The International Archives of the Photogrammetry, Remote Sensing and Spatial Information Sciences
Publications Copernicus
Articles | Volume XL-2/W2
21 Aug 2013
 | 21 Aug 2013


A. Vanclooster, Ph. De Maeyer, V. Fack, and N. Van de Weghe

Keywords: Indoor navigation, 3D algorithms, cognitive wayfinding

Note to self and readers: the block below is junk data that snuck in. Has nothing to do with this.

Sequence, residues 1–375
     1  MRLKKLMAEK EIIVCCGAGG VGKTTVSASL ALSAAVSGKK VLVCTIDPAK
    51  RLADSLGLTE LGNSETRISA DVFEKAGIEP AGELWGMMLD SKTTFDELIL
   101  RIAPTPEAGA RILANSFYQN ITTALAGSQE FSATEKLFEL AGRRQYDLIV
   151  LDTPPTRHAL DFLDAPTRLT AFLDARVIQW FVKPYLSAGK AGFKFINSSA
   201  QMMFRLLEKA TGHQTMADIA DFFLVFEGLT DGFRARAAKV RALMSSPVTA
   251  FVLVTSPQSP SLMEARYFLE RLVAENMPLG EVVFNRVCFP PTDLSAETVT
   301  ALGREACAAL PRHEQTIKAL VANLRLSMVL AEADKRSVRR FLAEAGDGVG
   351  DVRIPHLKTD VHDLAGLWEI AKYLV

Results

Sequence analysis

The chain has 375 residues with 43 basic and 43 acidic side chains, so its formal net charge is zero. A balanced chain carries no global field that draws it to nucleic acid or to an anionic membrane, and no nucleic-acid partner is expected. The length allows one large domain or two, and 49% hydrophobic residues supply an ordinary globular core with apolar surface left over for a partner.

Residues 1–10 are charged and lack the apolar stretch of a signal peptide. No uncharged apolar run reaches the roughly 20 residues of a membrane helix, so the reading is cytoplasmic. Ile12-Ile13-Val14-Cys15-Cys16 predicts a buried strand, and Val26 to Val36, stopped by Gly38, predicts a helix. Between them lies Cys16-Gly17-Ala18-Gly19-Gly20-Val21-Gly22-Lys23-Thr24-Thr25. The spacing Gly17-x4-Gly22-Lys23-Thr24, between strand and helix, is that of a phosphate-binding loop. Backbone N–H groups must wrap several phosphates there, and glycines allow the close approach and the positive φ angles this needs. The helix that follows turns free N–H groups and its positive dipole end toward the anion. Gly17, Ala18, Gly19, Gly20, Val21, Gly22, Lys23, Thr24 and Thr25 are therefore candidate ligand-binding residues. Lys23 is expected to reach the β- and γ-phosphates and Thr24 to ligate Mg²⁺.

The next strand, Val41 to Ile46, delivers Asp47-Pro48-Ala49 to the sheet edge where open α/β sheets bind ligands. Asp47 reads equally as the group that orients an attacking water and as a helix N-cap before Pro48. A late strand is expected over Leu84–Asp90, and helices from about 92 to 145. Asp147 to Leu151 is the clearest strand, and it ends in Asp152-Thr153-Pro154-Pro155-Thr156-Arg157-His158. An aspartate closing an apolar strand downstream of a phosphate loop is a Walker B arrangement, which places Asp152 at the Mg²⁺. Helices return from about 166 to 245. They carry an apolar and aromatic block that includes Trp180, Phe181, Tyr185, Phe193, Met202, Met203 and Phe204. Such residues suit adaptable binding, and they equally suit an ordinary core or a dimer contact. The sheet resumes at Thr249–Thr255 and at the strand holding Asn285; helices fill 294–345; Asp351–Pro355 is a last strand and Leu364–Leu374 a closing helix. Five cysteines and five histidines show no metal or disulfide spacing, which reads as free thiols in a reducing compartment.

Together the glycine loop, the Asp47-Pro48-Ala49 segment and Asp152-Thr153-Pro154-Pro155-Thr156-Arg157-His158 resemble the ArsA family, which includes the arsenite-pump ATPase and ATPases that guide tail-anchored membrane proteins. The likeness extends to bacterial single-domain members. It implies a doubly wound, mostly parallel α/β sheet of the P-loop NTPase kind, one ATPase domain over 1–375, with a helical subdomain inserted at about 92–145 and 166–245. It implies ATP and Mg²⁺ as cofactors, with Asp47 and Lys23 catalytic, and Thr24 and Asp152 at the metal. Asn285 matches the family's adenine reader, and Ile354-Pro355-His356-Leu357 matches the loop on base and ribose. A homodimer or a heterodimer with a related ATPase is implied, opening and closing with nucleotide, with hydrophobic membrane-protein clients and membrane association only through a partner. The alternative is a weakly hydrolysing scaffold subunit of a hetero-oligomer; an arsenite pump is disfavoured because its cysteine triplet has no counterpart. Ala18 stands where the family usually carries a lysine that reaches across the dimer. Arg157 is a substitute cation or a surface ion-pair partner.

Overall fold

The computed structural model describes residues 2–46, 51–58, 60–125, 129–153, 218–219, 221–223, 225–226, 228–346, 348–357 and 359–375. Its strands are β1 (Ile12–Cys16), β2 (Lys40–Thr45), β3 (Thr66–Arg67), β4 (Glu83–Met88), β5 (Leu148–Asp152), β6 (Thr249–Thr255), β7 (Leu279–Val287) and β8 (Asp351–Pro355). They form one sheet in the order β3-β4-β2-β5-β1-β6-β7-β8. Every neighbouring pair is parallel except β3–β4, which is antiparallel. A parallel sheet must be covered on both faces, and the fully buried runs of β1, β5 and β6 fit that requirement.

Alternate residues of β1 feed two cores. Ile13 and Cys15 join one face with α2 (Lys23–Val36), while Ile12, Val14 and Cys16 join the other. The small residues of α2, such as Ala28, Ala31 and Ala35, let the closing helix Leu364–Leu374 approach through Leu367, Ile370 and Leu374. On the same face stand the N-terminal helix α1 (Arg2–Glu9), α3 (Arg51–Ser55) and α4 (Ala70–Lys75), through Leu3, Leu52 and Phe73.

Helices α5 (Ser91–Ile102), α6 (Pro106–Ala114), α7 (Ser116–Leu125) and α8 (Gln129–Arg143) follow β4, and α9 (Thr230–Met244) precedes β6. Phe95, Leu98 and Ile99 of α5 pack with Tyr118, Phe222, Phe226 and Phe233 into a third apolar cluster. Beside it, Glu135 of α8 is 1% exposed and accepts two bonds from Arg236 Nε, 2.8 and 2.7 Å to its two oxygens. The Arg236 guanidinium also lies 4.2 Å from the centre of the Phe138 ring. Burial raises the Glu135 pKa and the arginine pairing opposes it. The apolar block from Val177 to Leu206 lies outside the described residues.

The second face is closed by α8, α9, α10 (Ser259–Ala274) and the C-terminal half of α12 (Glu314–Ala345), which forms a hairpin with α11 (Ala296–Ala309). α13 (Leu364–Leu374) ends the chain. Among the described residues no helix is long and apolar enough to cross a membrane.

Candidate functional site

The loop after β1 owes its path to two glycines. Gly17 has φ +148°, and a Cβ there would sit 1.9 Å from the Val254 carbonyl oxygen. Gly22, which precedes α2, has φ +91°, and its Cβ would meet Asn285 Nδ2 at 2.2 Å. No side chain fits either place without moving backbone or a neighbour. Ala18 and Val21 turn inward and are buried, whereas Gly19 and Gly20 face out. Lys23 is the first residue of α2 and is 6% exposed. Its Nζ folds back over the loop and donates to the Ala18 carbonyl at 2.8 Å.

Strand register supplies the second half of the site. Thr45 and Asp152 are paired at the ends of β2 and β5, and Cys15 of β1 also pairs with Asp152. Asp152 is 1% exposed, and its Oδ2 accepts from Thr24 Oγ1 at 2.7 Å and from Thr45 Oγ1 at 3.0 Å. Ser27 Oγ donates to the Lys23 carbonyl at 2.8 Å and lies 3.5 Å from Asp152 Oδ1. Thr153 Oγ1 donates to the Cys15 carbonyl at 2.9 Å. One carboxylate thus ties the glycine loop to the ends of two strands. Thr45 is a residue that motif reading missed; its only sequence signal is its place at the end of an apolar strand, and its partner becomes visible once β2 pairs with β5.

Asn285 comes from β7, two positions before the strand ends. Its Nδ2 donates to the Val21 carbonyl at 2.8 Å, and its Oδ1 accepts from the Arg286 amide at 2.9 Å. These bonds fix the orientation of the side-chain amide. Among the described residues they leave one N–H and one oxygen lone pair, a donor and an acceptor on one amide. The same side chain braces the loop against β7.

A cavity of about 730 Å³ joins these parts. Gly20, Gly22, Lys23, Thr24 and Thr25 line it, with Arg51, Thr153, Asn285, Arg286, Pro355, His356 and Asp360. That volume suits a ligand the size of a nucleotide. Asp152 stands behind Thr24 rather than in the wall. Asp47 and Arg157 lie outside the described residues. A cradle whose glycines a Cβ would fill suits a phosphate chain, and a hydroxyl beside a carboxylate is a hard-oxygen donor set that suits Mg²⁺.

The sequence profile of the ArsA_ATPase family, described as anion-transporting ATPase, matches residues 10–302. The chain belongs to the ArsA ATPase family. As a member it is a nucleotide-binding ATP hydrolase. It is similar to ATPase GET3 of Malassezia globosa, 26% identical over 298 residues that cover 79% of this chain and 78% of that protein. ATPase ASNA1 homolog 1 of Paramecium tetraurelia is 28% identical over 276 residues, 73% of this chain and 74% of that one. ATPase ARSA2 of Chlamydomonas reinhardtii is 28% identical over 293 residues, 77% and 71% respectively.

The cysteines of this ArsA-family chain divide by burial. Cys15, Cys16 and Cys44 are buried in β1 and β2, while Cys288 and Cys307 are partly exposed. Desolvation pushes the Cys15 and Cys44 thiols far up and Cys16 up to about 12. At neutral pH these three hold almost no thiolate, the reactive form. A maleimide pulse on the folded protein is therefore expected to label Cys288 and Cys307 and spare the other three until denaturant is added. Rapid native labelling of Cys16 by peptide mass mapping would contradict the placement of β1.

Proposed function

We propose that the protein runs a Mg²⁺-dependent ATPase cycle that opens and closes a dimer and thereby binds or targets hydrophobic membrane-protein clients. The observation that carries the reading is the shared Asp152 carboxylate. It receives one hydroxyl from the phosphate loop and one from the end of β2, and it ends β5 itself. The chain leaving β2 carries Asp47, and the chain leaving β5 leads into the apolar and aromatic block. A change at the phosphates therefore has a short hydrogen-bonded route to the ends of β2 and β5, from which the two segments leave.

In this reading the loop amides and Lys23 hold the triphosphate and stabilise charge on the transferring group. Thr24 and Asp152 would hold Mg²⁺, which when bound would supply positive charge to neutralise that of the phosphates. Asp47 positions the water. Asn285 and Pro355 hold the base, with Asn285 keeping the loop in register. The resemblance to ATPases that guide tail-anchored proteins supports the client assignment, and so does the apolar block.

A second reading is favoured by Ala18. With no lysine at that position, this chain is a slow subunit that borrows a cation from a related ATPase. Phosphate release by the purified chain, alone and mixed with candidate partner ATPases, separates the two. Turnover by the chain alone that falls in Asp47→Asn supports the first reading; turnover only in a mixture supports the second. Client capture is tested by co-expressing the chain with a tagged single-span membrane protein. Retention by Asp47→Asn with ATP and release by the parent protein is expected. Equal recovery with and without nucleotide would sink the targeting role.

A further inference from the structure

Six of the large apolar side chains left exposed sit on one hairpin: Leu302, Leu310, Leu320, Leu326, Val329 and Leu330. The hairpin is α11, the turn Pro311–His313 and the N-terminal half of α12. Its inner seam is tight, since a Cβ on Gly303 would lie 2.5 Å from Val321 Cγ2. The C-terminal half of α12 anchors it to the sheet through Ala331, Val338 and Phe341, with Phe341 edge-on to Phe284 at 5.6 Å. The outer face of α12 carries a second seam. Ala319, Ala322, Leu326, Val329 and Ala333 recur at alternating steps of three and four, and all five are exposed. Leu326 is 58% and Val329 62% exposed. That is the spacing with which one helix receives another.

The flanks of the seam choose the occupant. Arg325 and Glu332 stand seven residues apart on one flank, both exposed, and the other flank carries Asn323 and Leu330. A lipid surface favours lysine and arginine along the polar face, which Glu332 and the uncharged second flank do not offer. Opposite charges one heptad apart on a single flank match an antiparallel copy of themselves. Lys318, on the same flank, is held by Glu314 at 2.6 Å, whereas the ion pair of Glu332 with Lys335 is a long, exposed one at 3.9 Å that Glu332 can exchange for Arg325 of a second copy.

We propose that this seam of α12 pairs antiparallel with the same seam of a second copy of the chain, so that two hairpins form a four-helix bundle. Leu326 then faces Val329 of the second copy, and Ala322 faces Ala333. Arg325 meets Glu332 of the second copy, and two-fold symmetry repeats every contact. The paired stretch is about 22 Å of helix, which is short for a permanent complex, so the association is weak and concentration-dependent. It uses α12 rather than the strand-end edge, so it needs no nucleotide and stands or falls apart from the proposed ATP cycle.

Abstract. Over the last couple of years, research on indoor environments has gained a fresh impetus; more specifically applications that support navigation and wayfinding have become one of the booming industries. Indoor navigation research currently covers the technological aspect of indoor positioning and the modelling of indoor space. The algorithmic development to support navigation has so far been left mostly untouched, as most applications mainly rely on adapting Dijkstra's shortest path algorithm to an indoor network. However, alternative algorithms for outdoor navigation have been proposed adding a more cognitive notion to the calculated paths and as such adhering to the natural wayfinding behaviour (e.g. simplest paths, least risk paths). These algorithms are currently restricted to outdoor applications. The need for indoor cognitive algorithms is highlighted by a more challenged navigation and orientation due to the specific indoor structure (e.g. fragmentation, less visibility, confined areas…). As such, the clarity and easiness of route instructions is of paramount importance when distributing indoor routes. A shortest or fastest path indoors not necessarily aligns with the cognitive mapping of the building. Therefore, the aim of this research is to extend those richer cognitive algorithms to three-dimensional indoor environments. More specifically for this paper, we will focus on the application of the least risk path algorithm of Grum (2005) to an indoor space. The algorithm as proposed by Grum (2005) is duplicated and tested in a complex multi-storey building. The results of several least risk path calculations are compared to the shortest paths in indoor environments in terms of total length, improvement in route description complexity and number of turns. Several scenarios are tested in this comparison: paths covering a single floor, paths crossing several building wings and/or floors. Adjustments to the algorithm are proposed to be more aligned to the specific structure of indoor environments (e.g. no turn restrictions, restricted usage of rooms, vertical movement) and common wayfinding strategies indoors. In a later stage, other cognitive algorithms will be implemented and tested in both an indoor and combined indoor-outdoor setting, in an effort to improve the overall user experience during navigation in indoor environments.